for a Jewish-Arab truce in Pales-
Warren R. Austin, chief United
States delegate who sponsored
both moves in the council on or-
ders from the White House, de-
clared the truce was needed to
stop the "blood feud" raging
The UN Secretariat immediate-
ly swung into high-speed action
to prepare the ground work for
the second special assembly in
The United States proposed the
special session to consider a tem-
porary trusteeship after President
Truman and his Cabinet decided
partition could not be carried out
peacefully at this time.
The American change of pace
on Palestine created a sensation
here when it was announced un-
expectedly on March 19.
Mr. Truman later told his news
conference last Thursday that
trusteeship was proposed as iA
means of filling the vacuum
which will be created by Britain's
announced decision to terminate
her Palestine mandate on May 15.
Stresses U.S.' Understanding
Of ocalsm Con*n t
By JAKE HURWITZ
Americans must learn to dis-
tinguish between Communism
ind British Socialism or resign
themselves to losing the struggle
igainst 06mmunism, Prof. Philip
3. Florence of Birmingham Uni-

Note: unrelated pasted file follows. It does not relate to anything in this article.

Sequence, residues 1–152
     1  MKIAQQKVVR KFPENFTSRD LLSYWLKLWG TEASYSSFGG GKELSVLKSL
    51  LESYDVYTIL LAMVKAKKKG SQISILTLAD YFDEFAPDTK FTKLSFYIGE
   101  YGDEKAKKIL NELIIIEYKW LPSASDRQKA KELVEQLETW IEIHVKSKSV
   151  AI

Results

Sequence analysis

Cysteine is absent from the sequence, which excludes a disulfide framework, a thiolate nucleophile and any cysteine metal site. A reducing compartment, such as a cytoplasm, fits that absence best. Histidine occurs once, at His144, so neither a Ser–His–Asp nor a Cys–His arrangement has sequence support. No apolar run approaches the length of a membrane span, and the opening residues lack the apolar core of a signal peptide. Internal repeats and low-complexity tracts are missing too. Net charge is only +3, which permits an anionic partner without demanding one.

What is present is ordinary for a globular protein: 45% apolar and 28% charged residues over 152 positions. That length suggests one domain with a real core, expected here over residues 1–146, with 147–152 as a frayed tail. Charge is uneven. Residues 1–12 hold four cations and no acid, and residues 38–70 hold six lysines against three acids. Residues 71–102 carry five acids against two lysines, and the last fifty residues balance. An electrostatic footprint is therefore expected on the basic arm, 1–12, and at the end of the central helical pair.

versity, England, declared in a
Prof. Florenceremphasized that
~he Labor government does not
grush the basic individual liberties
and permits criticism.
There has been a definite swing
throughout the rest of Europe as
well toward social-democratiu
parties, he said. If Americans
ump the social democrats with
,he Communists, the social-demo-
,rats will turn away from us to
,he support of Communists, he
%esult, Not Cause
Prof. Florence dismissed the
,harges made in some quarters
hat social planning is responsible
for the present economis crisis in
'ngland. He said that planning is
he result and not the cause of the
Prof. Florence cited these four
:easons for the crisis:
1. The devastation of war asso-
iated with the bombings, and the
yoncentration of industry in war
cork which made reconversion
2. The drain on the economy
The University commencementt
:ecord will be broken again this